Ming’s hemp suit steals show as proverbial dogfight awaited
Who stole our perky Taoiseach and sent a weary man in his place?
Ming, the main man, turned up early in a smart, green ensemble. “It’s the hemp suit . . . He usually wears it to weddings,” said his brother-in-law Jimmy Kelly, a quiet, sensible man often mistaken for The Edge on the campaign trail. “You can’t smoke hemp,” he added helpfully.
In the absence of other shiny toys, and with a first count still at least 24 hours off, this was easily the most exciting thing to happen until the Taoiseach – or someone who looked very like him – turned up. But who had stolen the perky, incurable optimist and replaced him with this weary, dispirited man in Enda’s own home town?
It hardly helped that he had to be diverted to a different entrance due to the presence of half a dozen “Mayo Says No” protesters with handmade posters and a dopey little sheepdog who was trained, said a woman, “to bite the arse off Enda Kenny”.
Led by the movement’s full-time co-ordinator, Somhairle Mac Conghaile, a 24-year-old Dubliner, they included Independent candidate Mark Fitzsimons, who said he was delighted to have received 1 per cent of the vote. “For a first-time showing, I think it’s brilliant – especially after RTÉ damaged my campaign. How can you explain who you are in a minute and a half?”
They crowded Michael Ring, filming him while asking how austerity had affected him. His answer was to gallop around the corner to escort his leader in by a side door.
Meanwhile, the Taoiseach was gearing up for his RTÉ interview. “You can take your finger out, Taoiseach,” said the producer causing some of us to snap awake. (She meant out of his ear, where he was holding the earpiece.) But his demeanour was that of a man not to be trifled with.
This was a leader whose own home town had thrown out half his councillors and whose countyman and MEP, Jim Higgins, was probably about to lose his seat.
He paid Higgins a generous tribute, thanking him for his service to party and country, even while Higgins was outside insisting he would be “okay” as there were “no proper tallies out”. Then again, the expected “solid transfer” from Labour’s Lorraine Higgins wasn’t happening, he said. About half her vote was from “plumpers” (just the single vote). The other half was “definitely” a vote for the “sisters” (other women).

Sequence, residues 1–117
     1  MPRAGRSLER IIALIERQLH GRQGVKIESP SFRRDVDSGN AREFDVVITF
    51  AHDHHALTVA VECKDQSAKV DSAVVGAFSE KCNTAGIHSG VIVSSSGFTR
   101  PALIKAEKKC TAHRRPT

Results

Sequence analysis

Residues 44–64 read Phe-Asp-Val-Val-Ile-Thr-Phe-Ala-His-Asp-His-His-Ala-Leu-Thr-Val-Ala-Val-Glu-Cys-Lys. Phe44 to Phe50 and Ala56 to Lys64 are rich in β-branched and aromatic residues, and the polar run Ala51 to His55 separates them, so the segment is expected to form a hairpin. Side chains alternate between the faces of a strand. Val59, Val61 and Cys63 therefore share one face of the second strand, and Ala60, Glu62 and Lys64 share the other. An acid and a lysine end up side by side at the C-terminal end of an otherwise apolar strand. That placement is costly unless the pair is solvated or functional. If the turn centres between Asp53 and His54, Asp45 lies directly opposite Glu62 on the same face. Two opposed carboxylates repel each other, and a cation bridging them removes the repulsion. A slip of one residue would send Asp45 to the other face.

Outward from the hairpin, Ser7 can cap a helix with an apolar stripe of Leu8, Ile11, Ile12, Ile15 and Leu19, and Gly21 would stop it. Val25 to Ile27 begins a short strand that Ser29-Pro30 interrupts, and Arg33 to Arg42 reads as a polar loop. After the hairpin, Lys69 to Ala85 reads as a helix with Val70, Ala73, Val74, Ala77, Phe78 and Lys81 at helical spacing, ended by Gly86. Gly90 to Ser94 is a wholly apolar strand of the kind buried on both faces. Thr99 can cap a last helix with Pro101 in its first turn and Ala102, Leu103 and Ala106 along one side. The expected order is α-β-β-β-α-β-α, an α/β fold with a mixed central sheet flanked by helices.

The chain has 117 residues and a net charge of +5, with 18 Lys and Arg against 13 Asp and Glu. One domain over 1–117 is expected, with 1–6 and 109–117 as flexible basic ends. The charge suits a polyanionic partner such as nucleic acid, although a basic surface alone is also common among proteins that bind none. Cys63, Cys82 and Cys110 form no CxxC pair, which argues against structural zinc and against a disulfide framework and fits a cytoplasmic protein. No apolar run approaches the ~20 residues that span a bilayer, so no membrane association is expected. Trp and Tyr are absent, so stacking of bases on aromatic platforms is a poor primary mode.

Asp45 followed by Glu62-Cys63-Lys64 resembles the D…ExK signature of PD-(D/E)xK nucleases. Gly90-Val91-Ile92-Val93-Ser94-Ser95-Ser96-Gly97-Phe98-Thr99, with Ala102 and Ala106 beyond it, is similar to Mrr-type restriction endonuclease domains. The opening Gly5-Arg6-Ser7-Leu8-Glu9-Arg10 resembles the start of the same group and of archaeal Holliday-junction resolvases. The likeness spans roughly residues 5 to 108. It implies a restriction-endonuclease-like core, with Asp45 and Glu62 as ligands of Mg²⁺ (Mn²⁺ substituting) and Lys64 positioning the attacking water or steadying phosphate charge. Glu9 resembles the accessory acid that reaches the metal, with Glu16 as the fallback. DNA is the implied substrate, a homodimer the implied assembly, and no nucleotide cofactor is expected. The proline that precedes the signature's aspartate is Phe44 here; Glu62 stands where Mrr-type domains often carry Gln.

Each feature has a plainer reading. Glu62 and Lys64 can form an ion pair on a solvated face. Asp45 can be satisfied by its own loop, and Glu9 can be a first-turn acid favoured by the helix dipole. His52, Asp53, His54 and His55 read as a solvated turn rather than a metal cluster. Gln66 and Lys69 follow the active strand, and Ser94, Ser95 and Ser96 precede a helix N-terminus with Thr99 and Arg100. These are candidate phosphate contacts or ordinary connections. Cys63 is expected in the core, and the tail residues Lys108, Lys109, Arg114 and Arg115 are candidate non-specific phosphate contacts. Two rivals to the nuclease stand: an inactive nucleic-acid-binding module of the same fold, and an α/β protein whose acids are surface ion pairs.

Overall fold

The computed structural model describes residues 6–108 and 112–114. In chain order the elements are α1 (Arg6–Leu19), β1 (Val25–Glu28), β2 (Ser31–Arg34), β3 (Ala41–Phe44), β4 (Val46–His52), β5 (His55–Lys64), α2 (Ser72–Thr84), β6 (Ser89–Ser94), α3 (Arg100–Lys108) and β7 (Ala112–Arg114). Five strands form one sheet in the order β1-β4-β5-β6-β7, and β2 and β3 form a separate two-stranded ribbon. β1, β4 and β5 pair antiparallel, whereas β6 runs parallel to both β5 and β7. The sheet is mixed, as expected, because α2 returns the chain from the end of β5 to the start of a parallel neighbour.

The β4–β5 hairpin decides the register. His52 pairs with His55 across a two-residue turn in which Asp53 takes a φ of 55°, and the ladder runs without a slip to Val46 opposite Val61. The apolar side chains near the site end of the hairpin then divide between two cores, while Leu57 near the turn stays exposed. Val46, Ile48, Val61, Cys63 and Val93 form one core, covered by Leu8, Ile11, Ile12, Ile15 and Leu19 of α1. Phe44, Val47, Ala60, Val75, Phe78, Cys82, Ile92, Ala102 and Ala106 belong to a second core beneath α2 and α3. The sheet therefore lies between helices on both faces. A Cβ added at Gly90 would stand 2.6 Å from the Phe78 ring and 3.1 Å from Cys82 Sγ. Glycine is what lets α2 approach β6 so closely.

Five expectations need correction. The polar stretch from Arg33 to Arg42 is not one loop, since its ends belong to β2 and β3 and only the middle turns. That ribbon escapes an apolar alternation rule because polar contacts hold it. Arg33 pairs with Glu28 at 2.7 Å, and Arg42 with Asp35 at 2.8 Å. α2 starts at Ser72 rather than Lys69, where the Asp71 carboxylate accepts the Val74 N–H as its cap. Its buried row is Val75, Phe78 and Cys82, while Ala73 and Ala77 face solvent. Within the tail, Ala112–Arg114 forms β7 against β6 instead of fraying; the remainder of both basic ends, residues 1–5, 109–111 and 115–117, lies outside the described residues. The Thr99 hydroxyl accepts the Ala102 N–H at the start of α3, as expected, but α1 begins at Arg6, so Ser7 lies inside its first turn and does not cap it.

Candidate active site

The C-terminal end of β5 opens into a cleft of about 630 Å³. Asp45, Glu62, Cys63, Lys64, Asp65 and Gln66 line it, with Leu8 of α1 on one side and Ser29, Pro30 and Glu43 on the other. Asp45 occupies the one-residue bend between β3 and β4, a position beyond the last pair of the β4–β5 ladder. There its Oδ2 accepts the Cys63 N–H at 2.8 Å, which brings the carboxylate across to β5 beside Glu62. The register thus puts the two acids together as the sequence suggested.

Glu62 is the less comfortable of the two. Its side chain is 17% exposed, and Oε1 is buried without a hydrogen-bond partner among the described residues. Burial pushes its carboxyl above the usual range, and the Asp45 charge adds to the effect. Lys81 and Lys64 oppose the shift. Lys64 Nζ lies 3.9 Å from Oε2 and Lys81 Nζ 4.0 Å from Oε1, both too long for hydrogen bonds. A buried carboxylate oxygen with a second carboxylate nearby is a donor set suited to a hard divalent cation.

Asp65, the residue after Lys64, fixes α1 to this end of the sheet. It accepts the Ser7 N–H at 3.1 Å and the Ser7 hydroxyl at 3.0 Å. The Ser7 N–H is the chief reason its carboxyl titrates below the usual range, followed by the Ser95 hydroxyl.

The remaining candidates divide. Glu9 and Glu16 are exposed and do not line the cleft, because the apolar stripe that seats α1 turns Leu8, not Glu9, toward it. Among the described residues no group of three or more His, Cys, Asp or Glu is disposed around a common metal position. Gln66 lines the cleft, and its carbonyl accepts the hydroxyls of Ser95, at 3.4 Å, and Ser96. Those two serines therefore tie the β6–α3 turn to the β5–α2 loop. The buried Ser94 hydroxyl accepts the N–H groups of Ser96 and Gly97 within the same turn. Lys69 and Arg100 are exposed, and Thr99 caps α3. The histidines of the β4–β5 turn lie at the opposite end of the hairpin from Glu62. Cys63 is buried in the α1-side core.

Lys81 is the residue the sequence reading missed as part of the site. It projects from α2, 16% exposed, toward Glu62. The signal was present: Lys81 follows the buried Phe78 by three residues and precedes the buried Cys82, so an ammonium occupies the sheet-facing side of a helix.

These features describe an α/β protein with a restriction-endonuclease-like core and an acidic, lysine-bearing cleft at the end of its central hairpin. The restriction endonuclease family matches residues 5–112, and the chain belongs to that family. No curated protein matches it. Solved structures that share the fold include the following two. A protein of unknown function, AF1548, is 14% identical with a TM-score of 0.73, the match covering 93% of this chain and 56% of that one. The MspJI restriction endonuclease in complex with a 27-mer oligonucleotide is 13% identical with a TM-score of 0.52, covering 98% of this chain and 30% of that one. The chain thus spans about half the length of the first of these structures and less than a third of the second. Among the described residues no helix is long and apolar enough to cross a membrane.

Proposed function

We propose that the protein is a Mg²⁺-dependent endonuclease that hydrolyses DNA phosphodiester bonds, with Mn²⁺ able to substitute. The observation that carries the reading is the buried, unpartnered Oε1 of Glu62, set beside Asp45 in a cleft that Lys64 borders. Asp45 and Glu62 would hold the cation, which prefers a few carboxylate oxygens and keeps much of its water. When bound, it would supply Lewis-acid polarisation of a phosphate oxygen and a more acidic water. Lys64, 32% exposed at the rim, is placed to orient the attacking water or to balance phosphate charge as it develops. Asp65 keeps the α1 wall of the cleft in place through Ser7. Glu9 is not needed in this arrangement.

Refreshingly, Rónán Mullen was telling anyone who asked that he hadn’t “a snowball’s chance in hell” of winning a seat. Bratty teens Meanwhile, Enda restated much-repeated lines in defence of his governance while having a swipe at the groups – Independent and Sinn Féiners – who are going to have to make “difficult decisions” in their new-found positions of authority. It was like listening to a despairing father of bratty teens who prays he’ll live long enough to see them being tortured by bratty teens of their own.
Could he see Fine Gael in coalition with Sinn Féin? He listed off several examples of how the two had collaborated in various arenas, concluding philosophically: “Who knows what the future holds in politics?”
A definite “could happen” then. Swiftly followed by a definite “no thanks” from Gerry Adams, who said the only common ground between FG and SF was Mayo for the All-Ireland, before acceding to the woman pleading for a handshake – “Gerry , I’m from the United States. Will you please shake my hand?” and later, to the journalist who wanted a selfie with him.
Matt Carthy, who could well be his third MEP, according to the latest tallies, was skipping through the centre, glorying in the fact that the party had won half the seats on Carrickmacross council. And, oh yeah, since you ask, he had headed the poll. Sitting quietly among Sinn Féin people in the centre, was a man believed to be John Downey, the Hyde Park bombing suspect whose letter of immunity from the PSNI forced his acquittal from his Old Bailey trial in February.
It’s hardly surprising if Enda is looking at Herman von Rompuy’s job in a new light, as some local Fianna Fáilers suggest. Or maybe it’s wishful thinking.
Meanwhile, the 210 counting staff continue to shuffle voting papers between pigeon holes and Dunnes shopping trolleys. Today, the tallies are putting Ming, Mairead McGuinness and Carthy in the top three seats. The fourth is going to be the proverbial dogfight between Marian Harkin and the two Fianna Fáilers, Pat the Cope and Thomas Byrne. But the latest speculation is that Ming might not have that much-touted surplus after all – or any kind of a surplus.
All we know is that this is not going to end anytime soon.